Deconstructing A Political Speech

by A Guest Author

When the general election is upon us the campaigns are gearing up. Four years ago, a confluence of events provided some of the best competitions in primary politics in decades. The epic battle between Senator's Clinton and Obama were some of the best display of wit and eloquence to be found anywhere. Off course, then the primary season ended and the Obama/Biden ticket was faced with the likes of a war hero and a northern belle. The Political Speech then descended a few notches as the content of the rhetoric was not as intellectually provocative as the Obama/Clinton debates.

The Objective

The base objective of any politician seeking office is to gain the trust his constituents. To do this he needs to be able to connect with them at a very personal or real level. He must appear to understand their plight and be able to solve what they need. The politician has become the greatest symbol of a socialist society because; it is in the politician that most mobs look to seek the solution to all that ails their lot in life. The shrewd politician knows this. So he needs to find a way to satisfy all they need and all they are looking to solve.  As such, every public speaker must remember that the only thing a person needs to do on the podium is to harness the trust in the room – that is the objective.

The Task

If the objective is to garner the trust, then what is the message about? That is the task. The task of the speech is to convince or drum to action a certain set of actions. If you want the constituents to tell their friends about you, or if you want them to vote for you or if you want them to drop the other guy, you can do whatever you have to once you have completed the objective of getting them to trust you. The task now is delivered in a way that can be emotional and driving. However choose one simple phrase that will go a long way and keep the person motivated until the task they have to do is complete.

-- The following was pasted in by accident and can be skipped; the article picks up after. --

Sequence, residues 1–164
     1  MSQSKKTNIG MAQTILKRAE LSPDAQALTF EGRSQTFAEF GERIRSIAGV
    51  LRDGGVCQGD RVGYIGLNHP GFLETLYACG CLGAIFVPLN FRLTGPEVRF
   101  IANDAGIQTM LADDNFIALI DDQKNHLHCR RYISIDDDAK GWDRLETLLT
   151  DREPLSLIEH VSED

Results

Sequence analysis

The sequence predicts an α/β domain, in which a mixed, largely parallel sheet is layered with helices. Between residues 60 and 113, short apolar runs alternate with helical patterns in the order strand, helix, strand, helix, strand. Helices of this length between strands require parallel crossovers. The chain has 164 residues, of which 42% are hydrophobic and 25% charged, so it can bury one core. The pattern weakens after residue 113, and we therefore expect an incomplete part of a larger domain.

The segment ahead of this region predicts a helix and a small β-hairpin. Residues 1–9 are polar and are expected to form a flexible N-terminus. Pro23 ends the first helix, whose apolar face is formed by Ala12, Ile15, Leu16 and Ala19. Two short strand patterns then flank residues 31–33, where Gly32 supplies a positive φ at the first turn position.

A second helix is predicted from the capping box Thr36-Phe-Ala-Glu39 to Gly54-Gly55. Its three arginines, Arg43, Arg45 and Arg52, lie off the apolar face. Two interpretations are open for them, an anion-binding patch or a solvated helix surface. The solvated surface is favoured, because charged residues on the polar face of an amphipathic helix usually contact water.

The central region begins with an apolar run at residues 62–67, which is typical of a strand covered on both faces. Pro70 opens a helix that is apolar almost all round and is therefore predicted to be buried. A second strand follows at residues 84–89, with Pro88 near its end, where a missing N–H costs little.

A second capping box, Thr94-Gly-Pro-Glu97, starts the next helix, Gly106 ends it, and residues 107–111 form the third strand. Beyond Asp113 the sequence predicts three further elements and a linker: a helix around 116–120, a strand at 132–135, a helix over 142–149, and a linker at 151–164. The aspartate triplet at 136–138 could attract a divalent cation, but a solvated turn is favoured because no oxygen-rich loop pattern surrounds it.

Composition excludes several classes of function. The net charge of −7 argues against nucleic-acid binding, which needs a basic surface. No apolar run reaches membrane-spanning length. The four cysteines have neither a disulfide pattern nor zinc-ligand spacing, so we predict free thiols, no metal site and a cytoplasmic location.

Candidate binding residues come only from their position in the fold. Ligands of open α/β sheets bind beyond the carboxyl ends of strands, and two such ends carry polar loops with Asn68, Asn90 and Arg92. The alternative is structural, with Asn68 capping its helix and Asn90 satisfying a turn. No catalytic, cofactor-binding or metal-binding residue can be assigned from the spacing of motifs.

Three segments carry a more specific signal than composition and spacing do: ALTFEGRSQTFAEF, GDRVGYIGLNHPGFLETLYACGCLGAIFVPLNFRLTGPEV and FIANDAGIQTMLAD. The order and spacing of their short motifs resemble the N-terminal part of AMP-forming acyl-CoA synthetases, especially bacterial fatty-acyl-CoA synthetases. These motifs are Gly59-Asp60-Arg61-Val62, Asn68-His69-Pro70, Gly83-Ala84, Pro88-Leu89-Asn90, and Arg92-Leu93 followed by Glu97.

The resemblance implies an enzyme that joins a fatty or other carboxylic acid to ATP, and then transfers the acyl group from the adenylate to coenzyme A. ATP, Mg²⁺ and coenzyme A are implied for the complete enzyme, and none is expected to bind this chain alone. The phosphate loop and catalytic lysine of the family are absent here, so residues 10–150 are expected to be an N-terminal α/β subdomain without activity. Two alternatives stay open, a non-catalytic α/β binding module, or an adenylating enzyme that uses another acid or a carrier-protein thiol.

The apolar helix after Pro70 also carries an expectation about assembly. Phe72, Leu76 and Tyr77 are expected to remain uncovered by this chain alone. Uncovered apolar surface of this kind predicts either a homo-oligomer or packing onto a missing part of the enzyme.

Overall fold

The Reward

No instruction is complete without the actor being rewarded for their trouble. If a person believes the speaker, then is motivated to take action as instructed, there is one element that stands in the way of that intent and the required action. That is the motive to profit that is inherent in all humans. The lingering question - “What's In It for Me?” must be solved and satisfied before the actor does his job.

With the three issues in place. The job is almost certain to get done. It is never a guarantee, as much as anything in life is never a guarantee. Bu the way to be a top speaker and to get crowds to do what you will them, is to follow a plan that clearly lists your objective, the task and the reward that will await the person who performs your task exquisitely.

About The Author:

Carolyn Stewart teaches in public speaking seminars and coaches speakers.

This post was written by A Guest Author

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